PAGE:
Kosher -

Is primarily meat from an animal or bird that has been killed by a Shohet, an expert meat inspector, under the laws of the Jewish Talmud.

A strictly Kosher butcher must buy all his stock alive, the animals being generally killed in the slaughtering house by a Shohet. Great care is taken to avoid exciting the animal to be killed, for its death must be as calm, speedy and sudden as possible. Bullocks, calves, sheep, etc., are killed by cutting their throats with a special knife, the blade of which is about twenty inches long and two inches wide and is kept as sharp and highly polished as a razor. The cut almost severs the head from the body and the carcass is allowed to bleed as freely and as long as it will - the object being to clear the flesh of blood as completely as possible, the consumption of blood being forbidden by the Jewish law. Chickens, geese, etc., are decapitated with a similar knife and are allowed to bleed in the same manner.

When the bleeding has ceased, the carcass is opened and a most minute examination of the lungs, entrails, etc., is made. The slightest defect will result in the shohet condemning the entire animal as Tref (Terefah, Treife) - unfit for food.

If the animal is pronounced Kosher, the meat undergoes the next operation of Porging - the removal of all bloody veins and gristle. Because this operation involves a great deal of labor if applied to the hindquarters of bullocks and sheep, that part of the animal is in this country generally classed as Tref, even when the carcass in general is Kosher, and is sold to Gentile butchers. The hindquarters of calves and lambs are retained and treated like the remainder of the carcass. The Porging is properly followed by applying salt to complete the extraction of the blood.

It is because of these special precautions that Kosher meat ordinarily commands prices higher than the average of the retail markets.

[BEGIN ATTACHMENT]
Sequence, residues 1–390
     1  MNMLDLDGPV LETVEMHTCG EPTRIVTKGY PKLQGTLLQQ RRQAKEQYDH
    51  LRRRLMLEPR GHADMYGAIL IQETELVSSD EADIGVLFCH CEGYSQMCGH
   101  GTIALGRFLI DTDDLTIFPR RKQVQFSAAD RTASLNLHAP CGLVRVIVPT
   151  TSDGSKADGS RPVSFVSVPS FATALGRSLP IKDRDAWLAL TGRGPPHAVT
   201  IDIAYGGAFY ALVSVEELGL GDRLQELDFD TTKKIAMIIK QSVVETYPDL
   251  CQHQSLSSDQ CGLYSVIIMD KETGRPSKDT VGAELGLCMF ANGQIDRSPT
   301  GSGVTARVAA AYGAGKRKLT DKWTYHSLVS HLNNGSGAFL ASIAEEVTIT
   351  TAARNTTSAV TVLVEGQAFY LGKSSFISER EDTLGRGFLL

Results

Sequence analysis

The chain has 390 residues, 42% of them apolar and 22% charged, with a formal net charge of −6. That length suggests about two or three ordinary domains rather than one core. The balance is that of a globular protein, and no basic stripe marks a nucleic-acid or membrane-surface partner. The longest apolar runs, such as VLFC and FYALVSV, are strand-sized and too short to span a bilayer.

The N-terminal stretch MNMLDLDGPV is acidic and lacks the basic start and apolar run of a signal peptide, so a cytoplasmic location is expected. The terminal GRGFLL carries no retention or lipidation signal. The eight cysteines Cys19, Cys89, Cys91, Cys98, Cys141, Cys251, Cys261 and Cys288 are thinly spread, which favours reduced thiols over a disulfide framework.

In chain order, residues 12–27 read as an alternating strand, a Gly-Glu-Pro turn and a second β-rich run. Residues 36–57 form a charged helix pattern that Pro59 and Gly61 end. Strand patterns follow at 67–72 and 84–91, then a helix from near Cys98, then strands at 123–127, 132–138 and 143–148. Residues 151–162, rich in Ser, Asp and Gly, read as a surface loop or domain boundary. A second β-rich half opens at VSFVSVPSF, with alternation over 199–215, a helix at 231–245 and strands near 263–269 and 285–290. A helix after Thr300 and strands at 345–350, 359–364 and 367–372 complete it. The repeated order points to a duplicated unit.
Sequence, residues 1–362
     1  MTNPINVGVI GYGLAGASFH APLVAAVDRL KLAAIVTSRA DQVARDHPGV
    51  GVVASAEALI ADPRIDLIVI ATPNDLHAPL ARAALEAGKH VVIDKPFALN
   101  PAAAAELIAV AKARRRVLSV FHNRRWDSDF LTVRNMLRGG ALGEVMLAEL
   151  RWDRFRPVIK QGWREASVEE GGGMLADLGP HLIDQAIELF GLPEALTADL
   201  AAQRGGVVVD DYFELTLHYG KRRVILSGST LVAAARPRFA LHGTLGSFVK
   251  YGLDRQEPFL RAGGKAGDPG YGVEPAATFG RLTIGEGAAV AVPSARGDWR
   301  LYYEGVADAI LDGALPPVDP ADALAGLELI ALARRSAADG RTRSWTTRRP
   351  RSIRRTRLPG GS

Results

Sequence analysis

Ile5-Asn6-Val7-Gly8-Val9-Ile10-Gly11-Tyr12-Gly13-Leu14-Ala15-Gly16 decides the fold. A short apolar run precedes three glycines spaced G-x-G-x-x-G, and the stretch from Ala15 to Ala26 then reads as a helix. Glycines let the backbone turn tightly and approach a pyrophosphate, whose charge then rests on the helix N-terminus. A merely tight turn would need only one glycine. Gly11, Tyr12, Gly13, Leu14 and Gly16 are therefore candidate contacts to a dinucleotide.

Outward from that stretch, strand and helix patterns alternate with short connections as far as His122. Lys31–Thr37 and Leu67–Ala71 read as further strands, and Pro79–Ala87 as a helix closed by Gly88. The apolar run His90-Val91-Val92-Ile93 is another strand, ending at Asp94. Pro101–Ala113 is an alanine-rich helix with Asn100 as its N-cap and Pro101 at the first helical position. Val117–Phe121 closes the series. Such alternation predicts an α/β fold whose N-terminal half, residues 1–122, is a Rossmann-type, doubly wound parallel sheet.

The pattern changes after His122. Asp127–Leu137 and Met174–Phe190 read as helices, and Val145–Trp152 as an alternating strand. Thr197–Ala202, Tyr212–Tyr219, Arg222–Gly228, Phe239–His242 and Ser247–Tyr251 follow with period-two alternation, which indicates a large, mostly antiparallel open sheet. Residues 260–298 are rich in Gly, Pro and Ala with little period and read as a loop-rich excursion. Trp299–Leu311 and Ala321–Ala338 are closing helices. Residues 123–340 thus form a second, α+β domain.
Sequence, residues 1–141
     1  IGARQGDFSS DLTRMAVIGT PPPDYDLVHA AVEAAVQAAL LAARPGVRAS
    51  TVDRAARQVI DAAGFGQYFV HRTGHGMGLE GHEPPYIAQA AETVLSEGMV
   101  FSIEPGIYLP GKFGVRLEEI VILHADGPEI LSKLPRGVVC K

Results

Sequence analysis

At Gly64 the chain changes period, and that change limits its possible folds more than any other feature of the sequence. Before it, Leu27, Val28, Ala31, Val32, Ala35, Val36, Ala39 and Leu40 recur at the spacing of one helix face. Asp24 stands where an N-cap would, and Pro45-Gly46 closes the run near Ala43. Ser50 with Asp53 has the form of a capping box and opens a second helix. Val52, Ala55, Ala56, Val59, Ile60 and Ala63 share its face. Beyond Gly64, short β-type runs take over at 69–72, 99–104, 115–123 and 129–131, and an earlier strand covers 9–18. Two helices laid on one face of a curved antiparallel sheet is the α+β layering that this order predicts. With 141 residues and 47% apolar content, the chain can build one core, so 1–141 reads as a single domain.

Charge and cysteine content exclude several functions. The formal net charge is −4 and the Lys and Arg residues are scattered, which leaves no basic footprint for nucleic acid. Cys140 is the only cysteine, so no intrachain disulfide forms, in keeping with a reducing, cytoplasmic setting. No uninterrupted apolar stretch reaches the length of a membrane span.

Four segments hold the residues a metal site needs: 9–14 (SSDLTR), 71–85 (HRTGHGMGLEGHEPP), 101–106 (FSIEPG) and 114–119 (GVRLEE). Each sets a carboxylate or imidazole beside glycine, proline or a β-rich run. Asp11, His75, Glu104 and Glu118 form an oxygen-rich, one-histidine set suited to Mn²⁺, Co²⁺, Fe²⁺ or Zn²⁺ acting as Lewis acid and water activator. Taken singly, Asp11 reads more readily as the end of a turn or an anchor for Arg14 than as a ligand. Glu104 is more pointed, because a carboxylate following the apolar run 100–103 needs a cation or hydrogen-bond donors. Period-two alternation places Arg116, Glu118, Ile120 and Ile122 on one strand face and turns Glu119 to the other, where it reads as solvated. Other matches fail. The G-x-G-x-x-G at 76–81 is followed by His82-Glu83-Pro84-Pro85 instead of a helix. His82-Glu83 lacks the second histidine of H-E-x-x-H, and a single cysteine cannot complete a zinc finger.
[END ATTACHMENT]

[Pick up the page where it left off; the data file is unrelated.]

Kosher Corned Beef is Kosher Beef prepared by, first, a thorough soaking in fresh water, next bedding for some time in dry salt and then a second washing before immersion in the brine, where it must remain for twenty-four hours.

All fresh fish of the scaly varieties may be eaten without the intervention of the Shohet, but the ordinary salt and dried fish of commerce come under the ban, because of the possibility that some matter not Kosher may have been employed in preparing them.

Swine, hare, frogs, snails, fish without scales or fins, as eels, etc., are among modern foods which come under the classification of Tref.

The refusal of all meat that is not Kosher is a matter of religious principle with the orthodox Hebrew, but the practical advantage is that the careful personal inspection by the Shohet guarantees him flesh in absolutely healthy condition, his religious law thus protecting him against the many diseases liable to result from the consumption of the flesh of unhealthy animals.

As applied to other foods, as "Kosher Bread," "Kosher Butter," etc., the term signifies special care and cleanliness in preparation and manufacture. The vessels and utensils used in handling them must never be allowed to serve for any other purpose and should be cleansed and inspected with great exactness.

Arround Kosher in The Grocer's Encyclopedia

Kosher Sausage

The Grocer's Encyclopedia
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